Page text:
TikTok at your own risk: the case of SailorJ and stolen art on TikTok (2023)

"If men find out we can shapeshift, they'll tell the church."

This is one of Jahkara Smith's most memorable lines from her best-known YouTube video titled "Contouring 101" which amassed over 4.4 million views beforeSmith deleted his accountem 2020.

“I don't know if you apply the contour before the rest of the makeup or after the rest of the makeup, but it doesn't matter; because men are stupid,” she jokes in the video in a mid-Atlantic accent.

Its explosive online popularity has defied expectations,To Maria Sueobserved, "because three of the worst things you can be online are: a woman, dark and loud.

Similar features in SailorJ atThe New York Times newspaper,The Daily Beast,fascination, eRefinaria29praised her cutting comments about patriarchy, sexism and racism, all made while mocking the very forum she used: beauty tutorials, which by their nature support aindustrywhich is primarily run by white women and neglects black women (despite the fact that black women spend up tonine times more in beautyand hair care than white women).

In 2018, Smith saidTo Maria Sue, "For some reason I feel like my time is running out, or people will forget about me and I won't have the same opportunities again. That sort of thing." But at 21, Smith, aka Sailor J on YouTube, felt she captured a moment to draw attention to society's ethnocentric beauty standards and the patriarchal implications that a woman only cares about beauty products to attract a man. man.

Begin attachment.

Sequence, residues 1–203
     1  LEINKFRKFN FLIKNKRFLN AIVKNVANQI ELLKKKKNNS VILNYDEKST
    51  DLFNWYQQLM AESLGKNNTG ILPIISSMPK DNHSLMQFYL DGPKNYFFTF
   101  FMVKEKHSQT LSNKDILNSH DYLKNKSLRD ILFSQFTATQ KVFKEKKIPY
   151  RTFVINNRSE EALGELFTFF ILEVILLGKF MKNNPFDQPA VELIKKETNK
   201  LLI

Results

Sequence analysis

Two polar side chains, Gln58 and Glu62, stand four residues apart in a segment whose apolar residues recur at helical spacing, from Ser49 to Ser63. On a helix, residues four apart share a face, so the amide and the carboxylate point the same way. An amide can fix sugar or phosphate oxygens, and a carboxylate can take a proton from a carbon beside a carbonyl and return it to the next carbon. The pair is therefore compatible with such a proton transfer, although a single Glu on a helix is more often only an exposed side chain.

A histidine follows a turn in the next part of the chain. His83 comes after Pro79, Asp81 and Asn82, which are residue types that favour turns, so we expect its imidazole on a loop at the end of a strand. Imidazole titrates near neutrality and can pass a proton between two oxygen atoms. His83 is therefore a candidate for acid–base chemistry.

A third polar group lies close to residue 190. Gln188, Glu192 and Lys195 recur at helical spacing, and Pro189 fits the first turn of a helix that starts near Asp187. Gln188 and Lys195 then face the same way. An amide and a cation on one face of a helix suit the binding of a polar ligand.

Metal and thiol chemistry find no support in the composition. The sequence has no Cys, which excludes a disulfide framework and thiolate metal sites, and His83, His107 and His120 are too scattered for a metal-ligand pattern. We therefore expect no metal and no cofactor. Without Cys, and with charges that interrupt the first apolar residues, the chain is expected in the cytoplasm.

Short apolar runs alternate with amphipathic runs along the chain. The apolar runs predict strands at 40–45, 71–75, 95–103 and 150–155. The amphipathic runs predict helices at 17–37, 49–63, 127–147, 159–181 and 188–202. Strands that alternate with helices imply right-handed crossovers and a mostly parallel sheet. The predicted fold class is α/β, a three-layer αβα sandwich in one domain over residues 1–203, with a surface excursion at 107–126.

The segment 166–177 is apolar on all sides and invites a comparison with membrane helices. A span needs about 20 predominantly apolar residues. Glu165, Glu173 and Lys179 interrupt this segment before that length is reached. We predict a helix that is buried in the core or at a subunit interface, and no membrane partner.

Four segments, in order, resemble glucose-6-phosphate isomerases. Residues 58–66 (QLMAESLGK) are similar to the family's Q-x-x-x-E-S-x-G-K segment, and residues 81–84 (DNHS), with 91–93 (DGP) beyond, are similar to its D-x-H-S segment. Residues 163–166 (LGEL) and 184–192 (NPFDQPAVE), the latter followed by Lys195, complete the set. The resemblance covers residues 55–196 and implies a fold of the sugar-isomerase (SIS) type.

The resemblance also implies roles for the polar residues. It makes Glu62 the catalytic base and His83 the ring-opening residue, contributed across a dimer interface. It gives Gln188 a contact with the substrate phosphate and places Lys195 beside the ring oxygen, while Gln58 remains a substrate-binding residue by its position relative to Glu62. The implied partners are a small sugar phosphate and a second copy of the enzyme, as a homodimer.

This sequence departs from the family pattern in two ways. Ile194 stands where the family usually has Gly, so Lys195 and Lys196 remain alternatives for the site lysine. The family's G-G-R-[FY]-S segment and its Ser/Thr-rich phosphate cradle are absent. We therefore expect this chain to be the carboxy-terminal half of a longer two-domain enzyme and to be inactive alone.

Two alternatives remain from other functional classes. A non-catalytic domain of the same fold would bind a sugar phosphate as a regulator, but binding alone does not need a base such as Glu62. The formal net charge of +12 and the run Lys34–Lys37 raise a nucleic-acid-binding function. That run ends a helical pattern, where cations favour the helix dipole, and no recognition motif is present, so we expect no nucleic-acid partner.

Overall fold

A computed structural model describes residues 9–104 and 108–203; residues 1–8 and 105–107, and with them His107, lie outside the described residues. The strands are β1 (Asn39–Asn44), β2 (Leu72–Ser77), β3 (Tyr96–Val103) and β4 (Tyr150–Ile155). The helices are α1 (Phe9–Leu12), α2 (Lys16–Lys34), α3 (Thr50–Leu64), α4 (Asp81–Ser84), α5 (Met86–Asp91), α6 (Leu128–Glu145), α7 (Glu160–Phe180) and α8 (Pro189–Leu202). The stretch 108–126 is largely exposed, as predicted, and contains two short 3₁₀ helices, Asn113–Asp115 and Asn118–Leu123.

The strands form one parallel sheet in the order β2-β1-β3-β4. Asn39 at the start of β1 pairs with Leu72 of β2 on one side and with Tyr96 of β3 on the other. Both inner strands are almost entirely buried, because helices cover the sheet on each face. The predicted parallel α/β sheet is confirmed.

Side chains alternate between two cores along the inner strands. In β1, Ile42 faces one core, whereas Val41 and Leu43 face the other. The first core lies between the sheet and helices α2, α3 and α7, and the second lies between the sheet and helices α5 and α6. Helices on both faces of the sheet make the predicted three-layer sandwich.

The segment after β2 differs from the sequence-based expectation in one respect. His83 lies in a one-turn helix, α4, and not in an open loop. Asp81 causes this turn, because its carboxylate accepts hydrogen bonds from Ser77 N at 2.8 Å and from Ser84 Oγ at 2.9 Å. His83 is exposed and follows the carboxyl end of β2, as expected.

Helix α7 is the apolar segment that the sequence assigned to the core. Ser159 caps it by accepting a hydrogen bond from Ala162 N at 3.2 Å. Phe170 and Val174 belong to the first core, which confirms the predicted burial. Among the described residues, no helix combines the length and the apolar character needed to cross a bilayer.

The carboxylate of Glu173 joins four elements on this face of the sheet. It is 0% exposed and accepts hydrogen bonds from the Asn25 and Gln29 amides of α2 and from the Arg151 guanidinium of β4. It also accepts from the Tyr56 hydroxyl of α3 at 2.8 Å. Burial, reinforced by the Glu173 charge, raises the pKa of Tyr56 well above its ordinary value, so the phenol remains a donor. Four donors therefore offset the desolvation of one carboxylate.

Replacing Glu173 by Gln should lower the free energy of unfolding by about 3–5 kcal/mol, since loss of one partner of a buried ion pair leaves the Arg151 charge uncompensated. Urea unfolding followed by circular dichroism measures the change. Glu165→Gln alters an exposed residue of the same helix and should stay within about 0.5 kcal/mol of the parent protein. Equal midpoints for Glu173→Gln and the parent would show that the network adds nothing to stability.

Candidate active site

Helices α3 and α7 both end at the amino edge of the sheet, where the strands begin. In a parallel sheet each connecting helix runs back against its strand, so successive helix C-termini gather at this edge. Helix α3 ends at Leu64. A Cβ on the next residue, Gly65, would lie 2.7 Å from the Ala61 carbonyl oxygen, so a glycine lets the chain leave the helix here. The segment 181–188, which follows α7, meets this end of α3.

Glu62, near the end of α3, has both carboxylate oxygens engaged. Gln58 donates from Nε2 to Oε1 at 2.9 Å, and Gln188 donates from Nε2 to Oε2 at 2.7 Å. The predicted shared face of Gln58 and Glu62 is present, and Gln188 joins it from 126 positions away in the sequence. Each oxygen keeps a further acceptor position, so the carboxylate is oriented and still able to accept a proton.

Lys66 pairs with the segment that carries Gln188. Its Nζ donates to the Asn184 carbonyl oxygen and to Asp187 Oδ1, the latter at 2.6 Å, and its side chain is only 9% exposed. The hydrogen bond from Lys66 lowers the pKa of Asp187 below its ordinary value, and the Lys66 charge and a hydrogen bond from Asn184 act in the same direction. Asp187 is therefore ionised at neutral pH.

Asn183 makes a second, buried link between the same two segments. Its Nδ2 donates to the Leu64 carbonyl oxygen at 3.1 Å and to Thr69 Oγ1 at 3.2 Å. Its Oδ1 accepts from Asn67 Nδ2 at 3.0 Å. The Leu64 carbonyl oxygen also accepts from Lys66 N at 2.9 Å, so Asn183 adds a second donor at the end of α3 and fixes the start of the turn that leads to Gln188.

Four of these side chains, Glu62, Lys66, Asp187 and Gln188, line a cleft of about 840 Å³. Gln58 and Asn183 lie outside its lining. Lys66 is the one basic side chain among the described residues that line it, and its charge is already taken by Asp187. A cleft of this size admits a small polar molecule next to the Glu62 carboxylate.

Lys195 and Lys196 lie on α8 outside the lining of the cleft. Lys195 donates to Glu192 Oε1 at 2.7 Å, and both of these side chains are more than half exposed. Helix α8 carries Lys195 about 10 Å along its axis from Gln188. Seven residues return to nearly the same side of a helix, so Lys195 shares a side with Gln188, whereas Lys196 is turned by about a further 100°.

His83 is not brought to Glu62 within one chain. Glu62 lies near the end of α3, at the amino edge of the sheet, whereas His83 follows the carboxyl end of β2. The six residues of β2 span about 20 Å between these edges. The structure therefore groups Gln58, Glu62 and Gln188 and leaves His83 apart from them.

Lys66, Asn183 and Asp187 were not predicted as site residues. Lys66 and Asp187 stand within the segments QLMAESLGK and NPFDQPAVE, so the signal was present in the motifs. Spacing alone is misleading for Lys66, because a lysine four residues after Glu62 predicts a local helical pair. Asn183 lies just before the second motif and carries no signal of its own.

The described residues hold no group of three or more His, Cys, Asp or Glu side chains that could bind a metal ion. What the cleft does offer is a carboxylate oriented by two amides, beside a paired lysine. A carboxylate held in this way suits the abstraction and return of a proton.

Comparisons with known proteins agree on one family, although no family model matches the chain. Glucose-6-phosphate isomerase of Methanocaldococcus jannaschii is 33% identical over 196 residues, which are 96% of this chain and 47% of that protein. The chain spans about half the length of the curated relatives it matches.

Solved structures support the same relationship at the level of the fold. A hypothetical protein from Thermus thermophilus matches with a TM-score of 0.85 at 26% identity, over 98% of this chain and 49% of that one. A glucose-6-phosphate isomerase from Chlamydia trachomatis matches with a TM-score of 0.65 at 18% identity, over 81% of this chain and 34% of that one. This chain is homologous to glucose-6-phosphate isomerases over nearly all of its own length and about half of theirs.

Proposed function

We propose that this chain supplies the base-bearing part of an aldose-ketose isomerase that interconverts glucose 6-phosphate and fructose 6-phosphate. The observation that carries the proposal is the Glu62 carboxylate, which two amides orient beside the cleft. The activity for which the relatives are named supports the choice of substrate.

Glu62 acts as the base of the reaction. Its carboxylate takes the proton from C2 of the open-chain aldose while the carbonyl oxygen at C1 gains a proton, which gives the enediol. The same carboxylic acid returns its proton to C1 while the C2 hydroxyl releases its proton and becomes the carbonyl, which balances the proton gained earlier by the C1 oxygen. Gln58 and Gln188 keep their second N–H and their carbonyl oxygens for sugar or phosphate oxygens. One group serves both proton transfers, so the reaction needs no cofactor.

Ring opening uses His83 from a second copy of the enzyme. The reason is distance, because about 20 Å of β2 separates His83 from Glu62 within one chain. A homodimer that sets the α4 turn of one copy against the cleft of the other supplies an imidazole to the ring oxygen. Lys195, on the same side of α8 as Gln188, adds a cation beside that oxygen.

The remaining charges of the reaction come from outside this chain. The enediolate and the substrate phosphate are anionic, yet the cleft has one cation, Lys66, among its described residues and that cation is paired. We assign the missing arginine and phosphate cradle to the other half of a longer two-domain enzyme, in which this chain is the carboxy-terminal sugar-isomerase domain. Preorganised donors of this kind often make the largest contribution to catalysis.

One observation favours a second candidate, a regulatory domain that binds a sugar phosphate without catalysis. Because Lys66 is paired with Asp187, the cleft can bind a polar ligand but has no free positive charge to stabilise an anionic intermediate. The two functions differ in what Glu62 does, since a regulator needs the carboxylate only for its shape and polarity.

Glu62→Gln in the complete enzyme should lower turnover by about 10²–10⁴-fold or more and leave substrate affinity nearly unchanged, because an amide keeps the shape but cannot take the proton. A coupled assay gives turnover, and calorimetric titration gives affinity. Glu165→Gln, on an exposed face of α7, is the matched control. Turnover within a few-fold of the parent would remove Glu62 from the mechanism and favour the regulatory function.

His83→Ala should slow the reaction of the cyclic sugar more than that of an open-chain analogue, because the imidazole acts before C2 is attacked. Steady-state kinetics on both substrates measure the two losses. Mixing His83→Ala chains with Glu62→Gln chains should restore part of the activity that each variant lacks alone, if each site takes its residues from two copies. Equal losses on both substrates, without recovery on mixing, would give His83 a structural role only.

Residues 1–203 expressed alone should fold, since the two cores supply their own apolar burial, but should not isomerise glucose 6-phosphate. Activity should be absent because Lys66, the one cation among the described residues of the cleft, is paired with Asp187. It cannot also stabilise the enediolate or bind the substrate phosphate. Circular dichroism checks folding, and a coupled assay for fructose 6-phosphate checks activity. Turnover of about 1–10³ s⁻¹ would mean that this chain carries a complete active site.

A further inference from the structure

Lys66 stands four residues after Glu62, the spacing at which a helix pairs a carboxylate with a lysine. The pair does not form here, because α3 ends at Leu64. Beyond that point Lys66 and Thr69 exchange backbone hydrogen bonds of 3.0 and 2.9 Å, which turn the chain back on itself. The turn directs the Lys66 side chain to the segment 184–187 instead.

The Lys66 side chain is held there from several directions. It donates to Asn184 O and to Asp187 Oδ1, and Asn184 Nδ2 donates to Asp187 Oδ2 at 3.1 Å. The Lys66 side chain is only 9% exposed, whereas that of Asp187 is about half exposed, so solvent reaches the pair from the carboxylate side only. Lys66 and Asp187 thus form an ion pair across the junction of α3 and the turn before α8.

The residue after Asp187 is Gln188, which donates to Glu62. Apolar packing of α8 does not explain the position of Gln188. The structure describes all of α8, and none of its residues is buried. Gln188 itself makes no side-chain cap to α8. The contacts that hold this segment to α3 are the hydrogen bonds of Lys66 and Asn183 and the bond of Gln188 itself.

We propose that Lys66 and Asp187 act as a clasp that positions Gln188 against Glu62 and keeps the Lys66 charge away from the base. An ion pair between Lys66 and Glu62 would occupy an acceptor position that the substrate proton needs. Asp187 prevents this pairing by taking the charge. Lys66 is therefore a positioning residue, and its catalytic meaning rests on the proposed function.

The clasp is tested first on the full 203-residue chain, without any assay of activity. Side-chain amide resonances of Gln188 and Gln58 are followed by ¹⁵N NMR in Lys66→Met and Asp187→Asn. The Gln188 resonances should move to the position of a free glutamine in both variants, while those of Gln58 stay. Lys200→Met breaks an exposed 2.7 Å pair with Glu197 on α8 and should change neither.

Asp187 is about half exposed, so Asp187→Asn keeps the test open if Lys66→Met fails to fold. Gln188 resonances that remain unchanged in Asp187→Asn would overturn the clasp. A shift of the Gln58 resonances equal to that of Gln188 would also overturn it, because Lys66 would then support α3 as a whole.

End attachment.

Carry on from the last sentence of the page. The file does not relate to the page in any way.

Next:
"Men can't know we wear makeup. It will all end for all of us. The universe will stop. Reproduction will cease", says Smith at the opening of her first makeup tutorial, entitled "Getting a Man 101", which has accumulated more than 2.2 million views.

The question, she says as she aggressively taps her face with a beauty blender: “If you don't look like a white beauty blogger, then that's it for you."Despite deleting her content from YouTube, she retains the 500,000 subscribers who appreciated her comments.

On TikTok, however, his videos have seen something of a resurgence in popularity, with his "sailorj" online persona being used over 15.5 million times as a hashtag. The predominantly Gen Z - but increasingly millennial - platform is a hybrid of SnapChat and Vine, between video diary and sketch comedy, with users posting dance trends, challenges, quips orpolitical commentary.

At some point, audio clips from several of Smith's videos were uploaded to the platform, where millions of users lip-synced their satire — and to Smith, they're all "shit thieves."

TikTok at your own risk: the case of SailorJ and stolen art on TikTok (1)YouTube "SailorJ"

TikTok at your own risk: the case of SailorJ and stolen art on TikTok (2)YouTube, "SailorJ"